From Yale: How Apple v. Amazon was misjudged

A new academic study argues that neither the judge nor the DOJ understood the power of Amazon's platform.

From "Amazon's Antitrust Paradox" in the current issue of the Yale Law Journal:

In 2012, the DOJ sued the publishers and Apple for colluding to raise e-book prices. In response to claims that the DOJ was going after the wrong actor—given that it was Amazon’s predatory tactics that drove the publishers and Apple to join forces—the DOJ investigated Amazon’s pricing strategies and found “persuasive evidence lacking” to show that the company had engaged in predatory practices. According to the government, “from the time of its launch, Amazon’s e-book distribution business has been consistently profitable, even when substantially discounting some newly released and bestselling titles.”

Judge Cote, who presided over the district court trial, refrained from affirming the government’s conclusion. Still, the government’s argument illustrates the dominant framework that courts and enforcers use to analyze predation—and how it falls short. Specifically, the government erred by analyzing the profitability of Amazon’s e-book business in the aggregate and by characterizing the conduct as “loss leading” rather than potentially predatory pricing. These missteps suggest a failure to appreciate two critical aspects of Amazon’s practices: (1) how steep discounting by a firm on a platform-based product creates a higher risk that the firm will generate monopoly power than discounting on non-platform goods and (2) the multiple ways Amazon could recoup losses in ways other than raising the price of the same e-books that it discounted.

In case you've missed her basic thesis, here's how the author, Lina M. Khan, starts her abstract:

Amazon is the titan of twenty-first century commerce. In addition to being a retailer, it is now a marketing platform, a delivery and logistics network, a payment service, a credit lender, an auction house, a major book publisher, a producer of television and films, a fashion designer, a hardware manufacturer, and a leading host of cloud server space. Although Amazon has clocked staggering growth, it generates meager profits, choosing to price below-cost and expand widely instead. Through this strategy, the company has positioned itself at the center of e-commerce and now serves as essential infrastructure for a host of other businesses that depend upon it. Elements of the firm’s structure and conduct pose anticompetitive concerns—yet it has escaped antitrust scrutiny.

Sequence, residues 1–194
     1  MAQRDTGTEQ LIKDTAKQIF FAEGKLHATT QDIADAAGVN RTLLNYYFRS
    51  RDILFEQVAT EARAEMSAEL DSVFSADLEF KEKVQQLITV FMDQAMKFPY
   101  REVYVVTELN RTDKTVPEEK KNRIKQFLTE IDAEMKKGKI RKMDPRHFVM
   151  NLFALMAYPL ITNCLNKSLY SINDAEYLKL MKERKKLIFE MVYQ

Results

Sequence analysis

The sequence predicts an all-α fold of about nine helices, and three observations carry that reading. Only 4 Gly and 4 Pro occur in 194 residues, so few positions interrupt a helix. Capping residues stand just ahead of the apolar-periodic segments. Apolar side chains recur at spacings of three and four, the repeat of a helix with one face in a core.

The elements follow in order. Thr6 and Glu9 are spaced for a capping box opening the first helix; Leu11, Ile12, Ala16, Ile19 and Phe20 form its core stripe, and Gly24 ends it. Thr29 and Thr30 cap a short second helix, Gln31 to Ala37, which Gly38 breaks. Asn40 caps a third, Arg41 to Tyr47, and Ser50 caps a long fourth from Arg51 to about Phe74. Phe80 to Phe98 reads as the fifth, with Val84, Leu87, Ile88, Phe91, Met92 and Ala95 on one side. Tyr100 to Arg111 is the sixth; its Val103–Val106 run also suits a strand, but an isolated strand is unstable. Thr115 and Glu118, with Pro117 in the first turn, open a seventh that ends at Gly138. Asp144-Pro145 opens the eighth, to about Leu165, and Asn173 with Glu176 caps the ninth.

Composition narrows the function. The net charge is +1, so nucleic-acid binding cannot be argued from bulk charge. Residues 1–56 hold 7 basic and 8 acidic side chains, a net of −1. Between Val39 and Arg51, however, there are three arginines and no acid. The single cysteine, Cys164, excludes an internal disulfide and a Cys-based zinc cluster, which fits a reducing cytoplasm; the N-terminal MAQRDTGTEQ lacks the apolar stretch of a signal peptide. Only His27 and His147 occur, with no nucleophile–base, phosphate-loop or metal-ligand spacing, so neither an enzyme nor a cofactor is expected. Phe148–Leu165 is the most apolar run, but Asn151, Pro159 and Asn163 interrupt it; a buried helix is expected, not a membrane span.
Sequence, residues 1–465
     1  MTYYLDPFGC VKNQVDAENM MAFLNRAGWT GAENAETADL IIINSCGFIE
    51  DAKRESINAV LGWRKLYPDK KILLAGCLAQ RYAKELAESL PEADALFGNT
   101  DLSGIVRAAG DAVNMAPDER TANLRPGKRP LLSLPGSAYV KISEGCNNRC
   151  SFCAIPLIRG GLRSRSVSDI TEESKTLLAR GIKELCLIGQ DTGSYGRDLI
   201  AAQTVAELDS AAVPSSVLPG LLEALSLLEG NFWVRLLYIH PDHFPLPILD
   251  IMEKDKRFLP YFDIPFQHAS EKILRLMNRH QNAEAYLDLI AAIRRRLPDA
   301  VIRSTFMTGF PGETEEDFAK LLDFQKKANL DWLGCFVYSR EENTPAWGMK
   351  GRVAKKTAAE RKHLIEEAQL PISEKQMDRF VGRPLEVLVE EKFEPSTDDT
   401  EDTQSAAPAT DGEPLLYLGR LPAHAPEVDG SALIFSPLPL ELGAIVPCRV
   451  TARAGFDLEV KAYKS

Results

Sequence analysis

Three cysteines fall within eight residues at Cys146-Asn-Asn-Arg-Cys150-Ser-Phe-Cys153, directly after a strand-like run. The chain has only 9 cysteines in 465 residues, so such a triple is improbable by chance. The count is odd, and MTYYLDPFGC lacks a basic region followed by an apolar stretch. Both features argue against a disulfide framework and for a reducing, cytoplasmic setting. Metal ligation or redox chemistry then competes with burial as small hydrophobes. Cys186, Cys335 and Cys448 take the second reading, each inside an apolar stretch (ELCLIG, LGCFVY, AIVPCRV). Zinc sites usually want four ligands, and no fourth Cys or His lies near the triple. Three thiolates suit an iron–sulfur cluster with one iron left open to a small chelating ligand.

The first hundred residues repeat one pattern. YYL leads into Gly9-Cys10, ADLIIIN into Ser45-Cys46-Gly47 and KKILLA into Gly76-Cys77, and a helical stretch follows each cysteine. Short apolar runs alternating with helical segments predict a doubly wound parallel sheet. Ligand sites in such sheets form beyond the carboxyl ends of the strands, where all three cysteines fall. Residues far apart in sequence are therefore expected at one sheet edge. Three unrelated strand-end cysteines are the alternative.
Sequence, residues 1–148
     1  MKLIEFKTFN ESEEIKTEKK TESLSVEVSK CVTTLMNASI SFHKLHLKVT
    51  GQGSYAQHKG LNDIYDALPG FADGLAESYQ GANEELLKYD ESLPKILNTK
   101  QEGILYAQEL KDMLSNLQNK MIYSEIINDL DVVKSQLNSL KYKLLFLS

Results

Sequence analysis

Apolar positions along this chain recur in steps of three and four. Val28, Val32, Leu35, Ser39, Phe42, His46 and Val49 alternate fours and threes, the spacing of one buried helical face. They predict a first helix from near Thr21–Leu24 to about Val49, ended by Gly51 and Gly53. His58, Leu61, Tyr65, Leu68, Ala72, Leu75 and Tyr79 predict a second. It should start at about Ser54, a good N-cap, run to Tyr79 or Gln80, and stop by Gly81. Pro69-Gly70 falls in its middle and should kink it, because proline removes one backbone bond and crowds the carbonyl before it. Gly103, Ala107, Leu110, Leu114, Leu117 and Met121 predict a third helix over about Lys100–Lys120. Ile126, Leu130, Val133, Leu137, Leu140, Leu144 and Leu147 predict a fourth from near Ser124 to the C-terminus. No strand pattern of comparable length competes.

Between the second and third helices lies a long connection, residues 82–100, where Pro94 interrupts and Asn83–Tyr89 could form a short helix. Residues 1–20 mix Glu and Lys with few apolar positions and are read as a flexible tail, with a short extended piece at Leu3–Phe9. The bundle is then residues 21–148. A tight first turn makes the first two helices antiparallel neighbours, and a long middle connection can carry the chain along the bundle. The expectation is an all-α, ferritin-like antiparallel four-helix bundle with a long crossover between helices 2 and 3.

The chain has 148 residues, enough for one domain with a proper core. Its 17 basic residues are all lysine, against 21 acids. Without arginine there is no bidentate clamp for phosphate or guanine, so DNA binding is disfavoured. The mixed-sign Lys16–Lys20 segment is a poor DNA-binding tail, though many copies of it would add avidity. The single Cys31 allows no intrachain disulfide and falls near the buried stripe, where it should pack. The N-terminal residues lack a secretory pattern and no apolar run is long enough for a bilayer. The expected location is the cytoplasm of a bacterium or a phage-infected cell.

Yes, I know. The case was called U.S. v. Apple, Inc. et al., not Apple v. Amazon. See: The view from the hard benches


  1. John Kirk said:
    My analysis is a little simpler. Anti-trust laws are so complex that no one can reasonably know what is and is not legal. And that just ain’t just.

    February 2, 2017
  2. Gregg Thurman said:
    What’s amazing is that it took a “study” to point out what anybody capable of reading a 10Q already knew: Amazon was pricing its “products” to deter competition while it built out its monopoly.

    February 2, 2017
  3. Ken Cheng said:
    So, now that Amazon and similarly Google have become “essential infrastructure” like a public utility, when will the gov’t treat them like a public utility, because as a shareholder, the timing of the transition becomes important.

    February 2, 2017

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